The child accepts what it learns of the world, from the raindrops, because all of that unpleasantness is how life operates. The carnivore does not hate its prey, although, I suppose it could be argued that the prey is quite offended by the hunter. Of fear there is a sufficiency. But the nasty emotions: hate, envy, jealousy, guilt, do not play a role.
There are lessons here for the child, lessons on the operation of life, and, by extension, a measurable part of the universe at large. But the child is not yet aware of the larger universe. It has reasoned that although it can know nearly everything about the world above its pool, within the watershed, there must be much more it cannot know of. The water flowing out of its pool goes somewhere. Logically it goes on to other pools, and collects with other streams into larger flows, until all the water comes together. And as there is no reason to believe that there is anything special, or extraordinary, about this watershed, then all the unknown places must be just like this place. And, if there be other pools, logically then, there are others like itself, just like itself. And if all the others are just like it is, why then, there is no reason to meet them. The child has it all worked out. The child is happy.
Seasons become years, years become centuries, the centuries gather, and the child is happy. On three occasions the child ventures upstream or down, some short ways, as its current pool becomes shallow with the collection of silt and plant matter. It does not need to travel far to find another pool comfortably like the last. The universe of the watershed changes, becomes drier, wetter, warmer, colder; all the while the hills come slowly down.
Finally the hills have come down sufficiently that a stream that once followed down a different watershed breaks through to the child's world. At first the terrific quantities of new information is exhilarating but, ultimately, only confirms what the child has known all along. All of the universe is the same, essentially.
But this particular change is more pronounced, and more profound, than the child can know. The valley that is the universe is changing, moving, heaving, settling, rearranging, eroding; and as the land moves, some of it moving downhill, so too the water moves.
On the far side of this lovely little planet there has been an upwelling of cold water from deep in the ocean, brought on by a powerful cyclonic storm. With only its own circular logic to guide it the storm hesitated offshore. For a week it dithered, uncertain of its future should it venture onto the land. And for a week a colossal storm surge piled up atop a shallow sea shelf that resides at the coast. The weight of this body of water drove a river of warm water down and over the shelf and into the deep. Moving out across the bottom of the ocean this sea of warm water, moving with the momentum of the storm that spawned it, collides with a cold, normally calm, layer of very cold water. The result of that collision is the expelling of the cold, deep sea water into an upward column, and when that cold water reaches the surface of the ocean the winds blowing across the ocean cool. This cooler, and therefore drier, wind moves on and begins a shift in weather patterns that affects all of our lovely little world.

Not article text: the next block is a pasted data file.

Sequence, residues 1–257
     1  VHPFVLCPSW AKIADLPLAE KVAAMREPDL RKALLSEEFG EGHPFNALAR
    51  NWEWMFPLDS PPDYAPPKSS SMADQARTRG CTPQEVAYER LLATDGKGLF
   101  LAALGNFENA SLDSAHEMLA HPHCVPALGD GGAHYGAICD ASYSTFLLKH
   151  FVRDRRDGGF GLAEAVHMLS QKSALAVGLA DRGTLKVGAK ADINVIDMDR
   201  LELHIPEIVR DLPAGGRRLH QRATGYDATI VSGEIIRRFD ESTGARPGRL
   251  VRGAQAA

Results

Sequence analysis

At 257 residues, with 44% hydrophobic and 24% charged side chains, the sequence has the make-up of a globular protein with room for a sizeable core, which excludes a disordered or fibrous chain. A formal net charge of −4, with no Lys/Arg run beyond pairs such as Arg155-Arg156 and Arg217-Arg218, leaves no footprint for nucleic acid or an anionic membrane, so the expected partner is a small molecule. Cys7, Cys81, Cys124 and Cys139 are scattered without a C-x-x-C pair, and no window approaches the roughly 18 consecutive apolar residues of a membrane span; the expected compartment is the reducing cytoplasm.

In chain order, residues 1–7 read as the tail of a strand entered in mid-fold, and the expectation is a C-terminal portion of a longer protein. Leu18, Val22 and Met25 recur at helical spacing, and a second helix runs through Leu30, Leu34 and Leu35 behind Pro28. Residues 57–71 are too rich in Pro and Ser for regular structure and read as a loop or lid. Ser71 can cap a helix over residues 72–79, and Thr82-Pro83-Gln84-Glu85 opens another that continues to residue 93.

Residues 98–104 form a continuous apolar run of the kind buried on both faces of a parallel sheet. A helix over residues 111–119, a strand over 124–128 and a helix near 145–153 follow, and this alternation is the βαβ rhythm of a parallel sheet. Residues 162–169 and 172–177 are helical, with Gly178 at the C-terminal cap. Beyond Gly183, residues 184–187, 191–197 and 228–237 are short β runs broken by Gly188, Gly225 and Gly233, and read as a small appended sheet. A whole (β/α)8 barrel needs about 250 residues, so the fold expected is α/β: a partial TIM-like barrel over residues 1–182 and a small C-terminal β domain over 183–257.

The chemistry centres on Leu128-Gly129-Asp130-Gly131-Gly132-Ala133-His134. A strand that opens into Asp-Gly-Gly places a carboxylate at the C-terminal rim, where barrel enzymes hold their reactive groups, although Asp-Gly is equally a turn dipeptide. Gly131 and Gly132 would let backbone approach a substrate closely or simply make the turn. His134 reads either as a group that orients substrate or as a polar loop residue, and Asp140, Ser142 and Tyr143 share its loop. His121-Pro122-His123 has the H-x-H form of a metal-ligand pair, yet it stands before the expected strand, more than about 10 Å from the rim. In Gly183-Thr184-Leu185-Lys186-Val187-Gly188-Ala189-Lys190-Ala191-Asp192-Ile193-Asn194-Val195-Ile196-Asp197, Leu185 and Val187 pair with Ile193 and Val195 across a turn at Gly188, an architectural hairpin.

It had been a very warm and wet summer in the child's valley. Rains are frequent, sometimes gentle, sometimes fierce, but seemingly always present. Waterways run full and fast bringing continuous data flows to the child. Bits of grass, leaves, twigs, bugs, all are carried with the raindrops down the valley walls to the stream. Nearly all the water flows down to the stream. The ground in the valley and on the slopes above have soaked up what water they can; deeper soil that normally has only a few percent of moisture is now saturated and becoming soggy, and heavy. Gravity, its nature being unalterable, seizes the opportunity.
A hillside tears free of its parent and slides down amidst a great rumble of sound and a jumble of trees, rocks, brush, animals and hard and soft shelled crawlers.. Reaching the valley floor it piles upon itself and dams the stream that feeds the pool that is the home of the child. By the next day, sunny and dry, the flow of water to the pool has slowed to a trickle. Some rain, caught in the grasses, leaves, and the bark of trees, still responds to the urge to reach the ground and make its way down the valley. This march of droplets also slows and by the next day the flow into the pool is negligible.
In the pool the child is delighted. The slurry that marked the impending cessation of flow contains the whole story of the slide and its damming of the stream. This sort of thing has happened previously, though not quite on the current scale, so the child knows that eventually the pond, or lake, that is even now forming further up the valley will fill and the flow will resume. When flow begins again there will be so much it will tell the child; for the valley has changed, as I mentioned, profoundly.